It appears that a lot of work has already gone into the fence and you have achieved fairly close (probably good-enough but dead square is best) “squareness” of the fence face to the table. Over time, given the use of maple squaring blocks and red oak face, this “squareness” you now have may be lost. The steel reinforcing rail may help some, but I would think wood movement could overwhelm the strength the steel.

“Squareness”, if lost over time, would likely be due to wood movement, unless all hardwood components were quarter sawn materials, the squaring blocks were cut from the same plank, the squaring blocks were installed in a consistent orientation, and a film finish is applied and maintained. The quarter sawn material will move but in a way that will help maintain “squareness” – as I understand wood movement.

Nonetheless if you plow ahead with the fence, I would think adding a few more squaring blocks along the length could help. From the photos, it appears that a large distance exists between the end and center squaring blocks. Applying a film finish to the fence could help control moisture and wood movement.

If you were to rebuild the fence, using MDF, Particle Board, or Melamine coated Particle Board, as rwe2156 suggested, would be better choices for the sub fence (base), squaring blocks, and face. These are, in my view, the most stable wood products.

Regarding the raised panels that do not lie flat, I assume the problem could not be attributed to uneven clamping pressure. If clamping pressure was evenly applied, I agree with jerryminer if you were using a cope and stick router bit set. If this was the case, then looking for the source of the problem elsewhere is a good idea. But if these were shaker style raised panel assemblies and the grooves were made with a straight bit on the router table, then squaring the face of the fence to the table could, I would think, go a long way to solving the flat panel problem.

View xeddog's profile

xeddog

117 posts in 2472 days


#7 posted 03-22-2016 10:08 PM

Thank you all for the replies. To answer some of the questions -

The sliding faces I have made are aligned pretty well. I can run a profile the entire length of a piece with no snipe at the end. I will have to say that I needed to add a strip of painters tape to the back side of the outfeed end. They are scraps of a good quality maple veneer plywood with the 4 edges and the face covered with plastic laminate. One suggestion for everyone, DON”T USE BLACK! You just cannot see pencil marks on them so setting up stop blocks, etc, is a pita.

My material choices for the first iteration of the fence were two-fold. First, simply material at hand. I was very low on wood supply at the time and this is what I had. Second, it wasn’t supposed to be permanent. More like a “proof of concept” that had to work for a while. I had used some red oak for other things and it seemed like it was pretty stable, so I used my one remaining piece for the face of the fence. The Maple came from the scrap bin. I did not have any other decent material of proper size, including plywood. Now that I have some BB plywood I should just start over again. I did use two layers of 3/4” MDF for the table top, but overall I HATE MDF!!!!! Everyone says how stable it is, but my experiences are just the opposite. It is difficult to assemble without splitting it, and it doesn’t hold screws very well either. The one thing it has going for it is that it is flat, and that is why I used it on the table top. Even at that, ALL sides and edges are covered, and it is supported at 4 places along its 4’ width.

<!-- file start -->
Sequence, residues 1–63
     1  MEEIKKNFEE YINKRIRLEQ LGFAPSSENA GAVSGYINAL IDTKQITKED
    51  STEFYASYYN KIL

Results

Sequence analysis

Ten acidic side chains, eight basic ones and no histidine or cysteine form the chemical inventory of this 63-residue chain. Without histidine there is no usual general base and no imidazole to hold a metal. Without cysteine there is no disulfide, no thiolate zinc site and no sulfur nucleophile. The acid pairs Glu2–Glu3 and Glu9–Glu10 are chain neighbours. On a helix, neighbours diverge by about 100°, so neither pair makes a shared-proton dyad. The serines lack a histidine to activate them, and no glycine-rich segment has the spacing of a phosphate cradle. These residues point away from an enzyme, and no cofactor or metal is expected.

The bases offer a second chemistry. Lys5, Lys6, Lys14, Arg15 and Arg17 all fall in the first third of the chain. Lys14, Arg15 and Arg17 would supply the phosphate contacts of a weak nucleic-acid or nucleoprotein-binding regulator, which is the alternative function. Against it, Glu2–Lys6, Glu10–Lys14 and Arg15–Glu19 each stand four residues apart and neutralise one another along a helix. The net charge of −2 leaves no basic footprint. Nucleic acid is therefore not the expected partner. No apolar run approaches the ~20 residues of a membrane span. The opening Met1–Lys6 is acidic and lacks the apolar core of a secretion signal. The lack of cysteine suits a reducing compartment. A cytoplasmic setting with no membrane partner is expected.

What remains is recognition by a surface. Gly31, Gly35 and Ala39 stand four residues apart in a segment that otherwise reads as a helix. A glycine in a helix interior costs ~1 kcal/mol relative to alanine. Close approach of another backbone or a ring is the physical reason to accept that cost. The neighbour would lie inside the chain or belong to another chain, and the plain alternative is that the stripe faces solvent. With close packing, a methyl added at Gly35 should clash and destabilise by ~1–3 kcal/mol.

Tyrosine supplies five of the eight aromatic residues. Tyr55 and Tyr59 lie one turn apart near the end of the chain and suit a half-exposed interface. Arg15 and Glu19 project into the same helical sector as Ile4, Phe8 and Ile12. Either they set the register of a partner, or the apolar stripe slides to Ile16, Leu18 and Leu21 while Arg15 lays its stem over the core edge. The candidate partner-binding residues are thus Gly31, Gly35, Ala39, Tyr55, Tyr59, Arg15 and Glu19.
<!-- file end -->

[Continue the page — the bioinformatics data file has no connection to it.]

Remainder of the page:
As for the doors not being flat, I just found the fence to be off a bit (OK, QUITE a bit) and jumped to a conclusion. If I had taken the time to analyze what was going on I probably would have reached a different conclusion, but . . . Anyway, I was using a bit set that I got from Rockler some time ago. It has worked very well in the past so I don’t think that is the problem. The sled that I used is no longer in existence, but could certainly have been an issue. Another hurried scrap piece that I threw together, but it was perpendicular to the fence horizontally, and held the workpiece well with two lock down clamps. I never thought to check if the workpiece was actually perpendicular to the fence vertically. Clamps were Bessey quick-clamps (the mini K-body style clamps), and were never more than “snugged-up”.

I have come up with a couple of things I want to add to the fence. First, while digging around I found some old 12” extension drawer slides that I want to see if I can incorporate. Don’t ask me why, just because. The second thing I would like to add is a micro adjustment feature. That might actually be useful.

Thanks again for all the replies,

Wayne

Oh, one more thing. The maximum distance between the two squaring blocks is 25 3/4”